At the request of the Ontario Ministry of Environment and Climate Change (MOECC), the City of Guelph has signed a reciprocal agreement with Nestlé Waters Canada to share data on groundwater in the area of of Guelph and the Guelph-Eramosa Township.

The agreement will give Nestlé access to analysis from its science-based groundwater flow model through a consultant. The city’s model was developed with the Grand River Conservation Authority and Guelph-Eramosa Township and uses the best available science to determine the effects of water-taking impacts on groundwater availability.

“The public told the Province they wanted science-based policy decisions around water bottling. This data sharing supports that by using a peer-reviewed, science-based model to determine what impacts Nestlé Waters Canada’s water takings will have on the aquifer,” said Peter Busatto, General Manager of Environmental Services for Guelph.

The MOECC has asked the Guelph to share analysis from its existing groundwater flow model with Nestlé Waters Canada to support new requirements for permit-to-take-water applications for companies that bottle water. As such, Nestlé Waters Canada will be accessing the closest municipality’s Tier 3 groundwater model in order to complete our permit renewal applications for Aberfoyle and Erin. Nestlé Waters Canada will use the city’s existing, peer-reviewed model which, once it includes the Nestlé Waters Canada data, will provide the best available analysis on groundwater for the area.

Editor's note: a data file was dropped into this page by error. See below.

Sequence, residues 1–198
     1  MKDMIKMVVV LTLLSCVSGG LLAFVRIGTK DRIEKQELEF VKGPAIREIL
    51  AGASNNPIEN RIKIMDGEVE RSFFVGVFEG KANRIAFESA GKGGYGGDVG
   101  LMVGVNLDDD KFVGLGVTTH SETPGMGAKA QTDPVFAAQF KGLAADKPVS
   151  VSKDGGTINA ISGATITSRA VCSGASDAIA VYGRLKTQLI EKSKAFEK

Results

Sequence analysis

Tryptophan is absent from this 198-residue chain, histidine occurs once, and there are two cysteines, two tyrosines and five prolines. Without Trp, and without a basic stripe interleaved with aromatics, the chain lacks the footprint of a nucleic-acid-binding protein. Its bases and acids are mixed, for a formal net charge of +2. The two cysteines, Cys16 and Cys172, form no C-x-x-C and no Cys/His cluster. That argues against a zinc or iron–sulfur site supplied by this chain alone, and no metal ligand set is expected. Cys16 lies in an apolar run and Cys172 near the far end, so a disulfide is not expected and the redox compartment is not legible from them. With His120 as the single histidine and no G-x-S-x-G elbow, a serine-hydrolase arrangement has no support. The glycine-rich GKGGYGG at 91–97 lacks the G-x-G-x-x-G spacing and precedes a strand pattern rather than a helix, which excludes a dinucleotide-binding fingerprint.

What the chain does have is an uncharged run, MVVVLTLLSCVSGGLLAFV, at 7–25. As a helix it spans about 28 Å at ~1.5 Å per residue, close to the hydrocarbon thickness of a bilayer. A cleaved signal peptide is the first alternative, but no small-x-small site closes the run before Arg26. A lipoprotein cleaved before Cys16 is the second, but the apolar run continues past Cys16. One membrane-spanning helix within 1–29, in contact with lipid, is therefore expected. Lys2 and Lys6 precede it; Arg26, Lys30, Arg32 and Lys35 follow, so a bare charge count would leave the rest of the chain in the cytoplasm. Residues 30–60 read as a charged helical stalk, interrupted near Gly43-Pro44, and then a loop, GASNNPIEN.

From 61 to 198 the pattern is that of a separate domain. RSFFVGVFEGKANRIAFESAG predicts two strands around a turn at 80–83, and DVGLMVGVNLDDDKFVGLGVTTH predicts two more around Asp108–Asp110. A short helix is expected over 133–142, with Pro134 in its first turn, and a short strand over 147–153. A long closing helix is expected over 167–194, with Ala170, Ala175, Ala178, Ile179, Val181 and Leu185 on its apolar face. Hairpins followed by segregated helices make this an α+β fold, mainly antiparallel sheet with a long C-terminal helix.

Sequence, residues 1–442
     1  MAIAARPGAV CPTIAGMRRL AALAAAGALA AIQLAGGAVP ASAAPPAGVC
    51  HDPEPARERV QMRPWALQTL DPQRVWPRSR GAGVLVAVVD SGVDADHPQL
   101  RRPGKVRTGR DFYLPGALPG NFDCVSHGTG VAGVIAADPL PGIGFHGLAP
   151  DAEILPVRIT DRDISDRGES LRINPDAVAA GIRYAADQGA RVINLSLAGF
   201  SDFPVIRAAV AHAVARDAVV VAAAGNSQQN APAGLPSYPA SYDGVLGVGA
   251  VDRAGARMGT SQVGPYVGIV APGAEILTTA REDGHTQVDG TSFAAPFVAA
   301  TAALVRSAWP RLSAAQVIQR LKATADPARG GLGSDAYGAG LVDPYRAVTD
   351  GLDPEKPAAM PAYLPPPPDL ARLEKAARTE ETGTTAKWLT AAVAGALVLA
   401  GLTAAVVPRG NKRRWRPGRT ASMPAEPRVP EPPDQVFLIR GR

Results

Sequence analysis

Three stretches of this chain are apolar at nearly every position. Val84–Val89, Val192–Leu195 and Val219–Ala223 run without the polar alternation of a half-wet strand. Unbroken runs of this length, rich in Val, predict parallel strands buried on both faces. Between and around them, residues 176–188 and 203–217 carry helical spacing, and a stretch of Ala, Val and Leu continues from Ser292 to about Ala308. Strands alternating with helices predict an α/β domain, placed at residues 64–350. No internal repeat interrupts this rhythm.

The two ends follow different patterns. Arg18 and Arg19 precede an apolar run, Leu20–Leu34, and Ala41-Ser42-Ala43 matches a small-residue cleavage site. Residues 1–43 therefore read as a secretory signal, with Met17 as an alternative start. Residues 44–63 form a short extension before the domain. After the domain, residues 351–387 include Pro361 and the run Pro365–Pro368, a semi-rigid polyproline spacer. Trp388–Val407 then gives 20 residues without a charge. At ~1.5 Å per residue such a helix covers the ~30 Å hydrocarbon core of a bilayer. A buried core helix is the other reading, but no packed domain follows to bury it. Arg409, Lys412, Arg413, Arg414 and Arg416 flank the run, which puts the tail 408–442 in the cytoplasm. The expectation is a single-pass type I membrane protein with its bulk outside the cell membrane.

“We are looking forward to providing the City of Guelph our data to refine their groundwater model. Nestlé Waters Canada has more than 17 years of reliable and independently reviewed data,” said Dr. Andreanne Simard, Nestlé Waters Canada’s natural resource manager. “In doing so, we are ensuring that our permit renewal applications are backed by the best available science.”

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The city stated that data sharing will benefit both the city and the Guelph community in a number of ways, including:

  • Improving and updating the City’s model by incorporation of Nestlé Waters Canada data from hydrogeological (occurrence and distribution of water) studies on their property;
  • Ensuring the best possible science is used to assess water-taking applications and renewals; and
  • Ensuring that water taking permit applications in the same area are using the same science and data for analysis.

The Grand River Conservation Authority, as the Source Protection Authority for the Lake Erie Source Protection Region, led the development of the computer model to assess groundwater in the region. The model was developed to support Source Water Protection efforts and looks at how much water enters a watershed, is stored, and leaves the watershed.

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